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Rough ride for Wet Dreams as clothing venture stalls

A DISMAL foray into the fashion market may force listed WA company Wet Dreams Limited to go full circle and return its efforts to the resource sector.

At this stage, directors of the resource-cum-surfware company are unsure of how they can turn things around.

Managing director Hamish Younger would not rule out selling the Margaret River surf gear factory and using the funds to acquire mining assets.

The Margaret River operation was bought from brothers Dave and Brad Turriff-Smith, who launched the business in 1993.

The sale of the Wet Dreams business also could threaten the sponsorship of the Wet Dreams Margaret River Surfing Classic.

“I think you will see us rolling something else into the shell,” Mr Younger said.

“It could be in mining or something else. We could be looking at something else to add value.”

It was a different story in August last year when Business News visited Wet Dreams. Media speculation at the time suggested that Wet Dreams could be the next Billabong.

The company had just undergone a major shakeout, resulting in a name change from North Star Limited to Wet Dreams Limited.

After less than a year in the Melbourne market, having raised about $1.7 million in a rights issue for the venture, the company closed its clothing division in late June.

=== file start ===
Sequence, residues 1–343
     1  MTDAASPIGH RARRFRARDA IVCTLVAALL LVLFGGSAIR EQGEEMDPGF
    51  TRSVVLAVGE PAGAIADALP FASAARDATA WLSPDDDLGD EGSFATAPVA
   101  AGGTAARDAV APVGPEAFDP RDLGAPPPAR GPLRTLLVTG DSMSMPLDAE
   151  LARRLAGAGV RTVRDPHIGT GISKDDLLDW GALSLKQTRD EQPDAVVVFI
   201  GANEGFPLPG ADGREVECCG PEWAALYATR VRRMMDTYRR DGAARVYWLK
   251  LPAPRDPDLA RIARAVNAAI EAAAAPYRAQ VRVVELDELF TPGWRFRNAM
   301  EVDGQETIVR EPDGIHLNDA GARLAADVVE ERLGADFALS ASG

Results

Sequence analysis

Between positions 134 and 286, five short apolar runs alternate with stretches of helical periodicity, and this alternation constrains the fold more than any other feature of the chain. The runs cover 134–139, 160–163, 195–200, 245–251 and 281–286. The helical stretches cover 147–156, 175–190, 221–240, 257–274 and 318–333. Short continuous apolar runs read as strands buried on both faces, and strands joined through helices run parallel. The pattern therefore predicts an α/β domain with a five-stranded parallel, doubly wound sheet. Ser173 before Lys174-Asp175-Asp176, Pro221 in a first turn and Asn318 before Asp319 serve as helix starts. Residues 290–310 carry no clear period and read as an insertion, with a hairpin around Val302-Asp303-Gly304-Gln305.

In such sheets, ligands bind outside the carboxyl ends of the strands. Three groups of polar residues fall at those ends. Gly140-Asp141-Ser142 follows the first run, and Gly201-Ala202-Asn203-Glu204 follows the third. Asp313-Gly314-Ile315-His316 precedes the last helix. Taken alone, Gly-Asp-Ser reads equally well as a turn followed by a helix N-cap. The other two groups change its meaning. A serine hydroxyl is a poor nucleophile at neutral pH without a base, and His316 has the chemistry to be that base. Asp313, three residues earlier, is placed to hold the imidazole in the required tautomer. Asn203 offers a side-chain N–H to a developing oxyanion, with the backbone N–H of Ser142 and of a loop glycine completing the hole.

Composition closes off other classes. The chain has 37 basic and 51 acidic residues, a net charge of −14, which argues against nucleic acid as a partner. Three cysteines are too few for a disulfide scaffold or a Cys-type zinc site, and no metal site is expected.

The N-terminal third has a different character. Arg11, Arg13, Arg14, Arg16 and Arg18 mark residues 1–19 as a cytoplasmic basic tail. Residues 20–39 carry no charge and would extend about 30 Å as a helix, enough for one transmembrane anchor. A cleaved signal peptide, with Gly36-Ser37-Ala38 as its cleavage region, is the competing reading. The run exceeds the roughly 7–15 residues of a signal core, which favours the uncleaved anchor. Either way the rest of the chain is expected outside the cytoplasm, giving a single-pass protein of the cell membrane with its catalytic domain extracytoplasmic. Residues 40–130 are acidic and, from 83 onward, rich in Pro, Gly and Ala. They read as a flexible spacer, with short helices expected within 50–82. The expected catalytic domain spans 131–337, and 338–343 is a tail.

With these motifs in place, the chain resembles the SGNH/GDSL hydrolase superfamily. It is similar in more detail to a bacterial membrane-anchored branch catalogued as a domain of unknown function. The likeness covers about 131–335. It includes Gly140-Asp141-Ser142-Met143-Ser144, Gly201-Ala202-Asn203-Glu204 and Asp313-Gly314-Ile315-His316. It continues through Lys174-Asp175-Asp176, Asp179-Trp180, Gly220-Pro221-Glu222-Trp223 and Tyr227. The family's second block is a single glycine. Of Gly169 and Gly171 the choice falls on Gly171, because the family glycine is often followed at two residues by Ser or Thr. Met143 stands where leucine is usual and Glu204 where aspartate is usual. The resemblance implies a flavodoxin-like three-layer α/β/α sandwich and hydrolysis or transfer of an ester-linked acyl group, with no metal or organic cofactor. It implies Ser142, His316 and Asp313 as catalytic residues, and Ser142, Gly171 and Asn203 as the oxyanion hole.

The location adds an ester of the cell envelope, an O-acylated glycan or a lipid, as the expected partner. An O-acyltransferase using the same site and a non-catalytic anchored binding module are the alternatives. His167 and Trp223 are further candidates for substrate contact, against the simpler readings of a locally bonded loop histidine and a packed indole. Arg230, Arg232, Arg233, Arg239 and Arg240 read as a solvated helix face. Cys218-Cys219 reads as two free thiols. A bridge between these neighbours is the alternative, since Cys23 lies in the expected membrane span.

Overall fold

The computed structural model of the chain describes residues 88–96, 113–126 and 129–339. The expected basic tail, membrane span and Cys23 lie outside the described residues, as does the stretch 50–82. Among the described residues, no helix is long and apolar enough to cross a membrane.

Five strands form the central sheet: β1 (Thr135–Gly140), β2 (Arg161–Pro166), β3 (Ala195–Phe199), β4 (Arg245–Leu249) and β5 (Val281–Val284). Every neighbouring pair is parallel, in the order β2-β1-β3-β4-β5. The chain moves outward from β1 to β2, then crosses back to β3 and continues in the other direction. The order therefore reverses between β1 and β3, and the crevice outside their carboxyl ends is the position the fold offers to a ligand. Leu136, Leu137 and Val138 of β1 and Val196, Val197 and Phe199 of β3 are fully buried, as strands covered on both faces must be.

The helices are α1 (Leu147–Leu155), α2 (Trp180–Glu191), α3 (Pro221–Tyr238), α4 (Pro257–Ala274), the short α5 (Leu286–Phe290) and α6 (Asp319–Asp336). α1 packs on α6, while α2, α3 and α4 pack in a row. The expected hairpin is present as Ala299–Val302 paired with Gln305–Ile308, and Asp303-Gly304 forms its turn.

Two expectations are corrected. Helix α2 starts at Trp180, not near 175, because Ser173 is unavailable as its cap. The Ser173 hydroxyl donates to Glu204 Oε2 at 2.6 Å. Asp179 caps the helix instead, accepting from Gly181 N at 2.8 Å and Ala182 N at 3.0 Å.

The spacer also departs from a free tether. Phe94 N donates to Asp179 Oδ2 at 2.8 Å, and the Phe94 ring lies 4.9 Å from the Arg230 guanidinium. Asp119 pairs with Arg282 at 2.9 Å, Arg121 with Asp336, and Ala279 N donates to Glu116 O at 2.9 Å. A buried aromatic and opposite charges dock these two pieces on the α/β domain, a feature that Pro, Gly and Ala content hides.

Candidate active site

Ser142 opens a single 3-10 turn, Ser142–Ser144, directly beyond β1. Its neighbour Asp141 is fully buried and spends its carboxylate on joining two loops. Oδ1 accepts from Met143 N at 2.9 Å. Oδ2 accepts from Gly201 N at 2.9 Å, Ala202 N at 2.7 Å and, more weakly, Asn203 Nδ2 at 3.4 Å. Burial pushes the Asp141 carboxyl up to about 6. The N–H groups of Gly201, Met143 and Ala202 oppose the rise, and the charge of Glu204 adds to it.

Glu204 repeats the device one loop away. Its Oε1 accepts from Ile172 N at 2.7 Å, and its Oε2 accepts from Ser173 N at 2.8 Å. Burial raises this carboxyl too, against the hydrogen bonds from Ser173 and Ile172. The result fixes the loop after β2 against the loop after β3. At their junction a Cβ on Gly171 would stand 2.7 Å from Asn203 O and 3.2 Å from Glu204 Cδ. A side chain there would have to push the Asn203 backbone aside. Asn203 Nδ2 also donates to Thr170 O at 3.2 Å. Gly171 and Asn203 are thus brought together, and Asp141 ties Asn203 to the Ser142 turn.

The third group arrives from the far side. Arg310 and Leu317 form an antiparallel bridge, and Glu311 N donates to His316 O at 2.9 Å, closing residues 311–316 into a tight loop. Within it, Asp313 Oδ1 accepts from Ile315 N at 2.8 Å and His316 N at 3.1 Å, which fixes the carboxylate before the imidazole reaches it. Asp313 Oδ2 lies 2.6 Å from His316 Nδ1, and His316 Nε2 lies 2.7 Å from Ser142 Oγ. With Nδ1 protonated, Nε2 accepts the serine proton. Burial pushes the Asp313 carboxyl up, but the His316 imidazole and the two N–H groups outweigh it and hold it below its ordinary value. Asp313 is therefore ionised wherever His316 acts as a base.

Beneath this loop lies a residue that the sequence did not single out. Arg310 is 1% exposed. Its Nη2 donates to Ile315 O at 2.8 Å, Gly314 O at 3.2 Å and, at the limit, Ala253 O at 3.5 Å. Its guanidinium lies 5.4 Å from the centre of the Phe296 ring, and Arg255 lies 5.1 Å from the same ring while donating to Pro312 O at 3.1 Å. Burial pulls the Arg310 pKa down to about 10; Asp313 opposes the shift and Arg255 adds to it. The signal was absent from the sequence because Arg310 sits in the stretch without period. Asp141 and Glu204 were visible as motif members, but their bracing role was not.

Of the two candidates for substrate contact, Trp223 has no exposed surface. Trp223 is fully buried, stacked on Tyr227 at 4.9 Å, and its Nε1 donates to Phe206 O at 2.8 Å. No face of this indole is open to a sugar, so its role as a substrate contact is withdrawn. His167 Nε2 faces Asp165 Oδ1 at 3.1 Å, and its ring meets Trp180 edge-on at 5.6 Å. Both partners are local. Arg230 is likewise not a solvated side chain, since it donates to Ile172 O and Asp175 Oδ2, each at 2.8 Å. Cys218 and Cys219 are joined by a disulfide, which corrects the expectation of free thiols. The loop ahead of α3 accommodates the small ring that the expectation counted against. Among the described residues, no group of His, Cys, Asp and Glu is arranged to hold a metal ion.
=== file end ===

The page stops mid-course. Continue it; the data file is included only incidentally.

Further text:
Mr Younger said the clothing business could have provided the biggest upside because it had a greater customer base and was not reliant just on the surfing fraternity, but the timing had been bad for the company.

Only a month before closing the Melbourne clothing division, the directors of Wet Dreams were still optimistic that the clothing market could be a winner.

In mid May, Wet Dreams made an announcement that it had agreed to acquire Lithglow Pty Ltd – manufacturer and distributor of the “Xisle” brand of surf clothing and wetsuits. The

purchase also would have given Wet

Dreams nine retail outlets in Victoria.

The company was willing to put $1.8 million on the line for the purchase of Lithglow and planned to raise a further $6 million to expand the clothing business.

On May 30, the directors announced that the purchase was off due to a lack of support from shareholders.

Director Peter Rowe made public his decision to resign from the company just two days before Wet Dreams announced a complete withdrawal from the clothing market.

“The company believes that the current retail environment is not conducive to the successful development of a clothing brand for a reasonable outlay,” Mr Younger said in an Australian Stock Exchange announcement.

The directors are now assessing the future direction of the company, which could include bringing the company’s operations back to the resource sector.

Sales for the year are expected to be about $1 million, well short of Mr Younger’s expectations last year of $2 million.

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